And I learnt a lot of resilience at EasyJet, that definitely was formative for being a very resilient CEO, whether it was a very difficult kind of activist type of founder/investor or whether it was Brexit, which was a massive crisis. I inherited quite an operational meltdown. Whatever that was, no matter how difficult those years were, they were incredibly good for my operational muscles and also for my resilience.
What advice would you give to a senior woman who is keen to become a CEO?
I would say set your sights high and make sure that you are putting your energy into the right things: [in] your own work, and having those career conversations in your own organisation about your ambition—and don’t be ashamed of ambition—and also in wider networks.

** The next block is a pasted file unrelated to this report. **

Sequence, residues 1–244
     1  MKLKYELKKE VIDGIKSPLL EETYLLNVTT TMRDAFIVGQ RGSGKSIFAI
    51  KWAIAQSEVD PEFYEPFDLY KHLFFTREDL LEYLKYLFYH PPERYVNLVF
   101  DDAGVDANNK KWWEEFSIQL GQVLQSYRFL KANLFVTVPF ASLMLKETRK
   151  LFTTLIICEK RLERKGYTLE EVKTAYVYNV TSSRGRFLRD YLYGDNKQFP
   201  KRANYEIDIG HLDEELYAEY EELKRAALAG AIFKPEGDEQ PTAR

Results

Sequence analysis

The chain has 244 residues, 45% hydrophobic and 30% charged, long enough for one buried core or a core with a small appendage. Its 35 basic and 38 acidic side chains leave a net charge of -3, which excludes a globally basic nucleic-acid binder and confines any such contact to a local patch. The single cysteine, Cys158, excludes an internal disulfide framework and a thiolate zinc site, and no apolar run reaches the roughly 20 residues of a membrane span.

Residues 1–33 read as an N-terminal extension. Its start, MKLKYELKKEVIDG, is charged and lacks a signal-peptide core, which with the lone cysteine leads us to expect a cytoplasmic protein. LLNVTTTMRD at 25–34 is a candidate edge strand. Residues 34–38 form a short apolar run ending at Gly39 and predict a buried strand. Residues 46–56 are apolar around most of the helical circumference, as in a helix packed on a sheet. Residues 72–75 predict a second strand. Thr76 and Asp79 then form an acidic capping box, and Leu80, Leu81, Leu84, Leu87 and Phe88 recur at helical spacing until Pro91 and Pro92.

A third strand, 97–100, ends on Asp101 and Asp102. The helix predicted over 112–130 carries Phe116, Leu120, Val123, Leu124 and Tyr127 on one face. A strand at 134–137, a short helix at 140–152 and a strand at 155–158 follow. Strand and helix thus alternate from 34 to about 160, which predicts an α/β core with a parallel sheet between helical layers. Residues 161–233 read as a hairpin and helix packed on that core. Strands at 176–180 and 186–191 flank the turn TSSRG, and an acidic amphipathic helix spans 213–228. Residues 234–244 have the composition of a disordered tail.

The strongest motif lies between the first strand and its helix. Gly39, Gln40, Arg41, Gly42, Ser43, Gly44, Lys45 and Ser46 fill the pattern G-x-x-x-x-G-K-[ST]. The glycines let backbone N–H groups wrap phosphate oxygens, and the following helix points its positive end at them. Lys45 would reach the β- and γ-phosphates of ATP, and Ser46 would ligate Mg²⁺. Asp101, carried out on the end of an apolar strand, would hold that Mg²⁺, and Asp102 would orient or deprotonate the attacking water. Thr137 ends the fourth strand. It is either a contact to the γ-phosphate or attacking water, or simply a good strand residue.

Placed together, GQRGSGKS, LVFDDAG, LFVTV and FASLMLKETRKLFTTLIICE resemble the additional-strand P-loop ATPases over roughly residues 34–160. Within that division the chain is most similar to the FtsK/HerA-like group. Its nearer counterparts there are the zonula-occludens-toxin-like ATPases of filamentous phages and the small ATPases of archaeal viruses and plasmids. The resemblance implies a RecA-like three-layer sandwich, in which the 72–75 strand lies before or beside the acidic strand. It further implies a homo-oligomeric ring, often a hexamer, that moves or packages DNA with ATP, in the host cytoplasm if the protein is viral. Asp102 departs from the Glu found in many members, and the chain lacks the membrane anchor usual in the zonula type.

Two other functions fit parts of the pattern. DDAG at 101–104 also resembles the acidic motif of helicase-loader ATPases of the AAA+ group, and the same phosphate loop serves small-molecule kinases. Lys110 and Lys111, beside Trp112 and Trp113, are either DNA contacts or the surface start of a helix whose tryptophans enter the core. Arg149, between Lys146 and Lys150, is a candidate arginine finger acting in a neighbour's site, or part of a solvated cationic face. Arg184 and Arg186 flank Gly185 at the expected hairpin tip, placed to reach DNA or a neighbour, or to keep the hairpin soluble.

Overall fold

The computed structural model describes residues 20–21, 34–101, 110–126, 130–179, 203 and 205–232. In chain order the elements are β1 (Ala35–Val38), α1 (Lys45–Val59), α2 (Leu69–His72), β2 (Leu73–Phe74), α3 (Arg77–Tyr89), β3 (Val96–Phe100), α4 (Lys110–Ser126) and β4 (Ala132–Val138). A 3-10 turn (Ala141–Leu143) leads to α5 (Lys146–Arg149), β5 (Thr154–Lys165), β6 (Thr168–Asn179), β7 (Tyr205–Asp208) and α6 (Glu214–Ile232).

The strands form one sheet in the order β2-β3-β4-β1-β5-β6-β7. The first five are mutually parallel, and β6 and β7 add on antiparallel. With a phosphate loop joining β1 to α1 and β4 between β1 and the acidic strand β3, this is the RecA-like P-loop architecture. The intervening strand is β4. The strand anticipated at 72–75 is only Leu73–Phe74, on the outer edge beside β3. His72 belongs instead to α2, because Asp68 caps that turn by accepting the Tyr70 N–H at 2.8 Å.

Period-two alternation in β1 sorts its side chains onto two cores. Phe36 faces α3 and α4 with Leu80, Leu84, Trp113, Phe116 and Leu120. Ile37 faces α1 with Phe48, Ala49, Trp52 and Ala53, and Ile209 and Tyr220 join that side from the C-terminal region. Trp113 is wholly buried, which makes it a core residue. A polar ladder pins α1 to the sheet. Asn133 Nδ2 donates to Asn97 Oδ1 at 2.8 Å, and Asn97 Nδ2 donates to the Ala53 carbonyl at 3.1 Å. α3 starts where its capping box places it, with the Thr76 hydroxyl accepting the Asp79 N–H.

Someone very wise, in fact, Mervyn Davies said to me: “You don’t need to be doing more media dinners. You need to be doing some business dinners.” And I said: “Why?” And he said: “Because if you want to get into business and out of media, you need to know some business people.” Well, anyway, he was right and I listened to him. Coming out of your industry, sometimes, can also be very helpful.
And I think get the right support for what you are aiming to do. So whether that’s a mentor, whether that’s a coach—coaching can be invaluable when you go for your first interview as a CEO, because you probably haven’t been interviewed for quite a long time if you’re coming up an organisation.
It can be invaluable to really think through how you present yourself and how you’re going to think through what you say and how you say it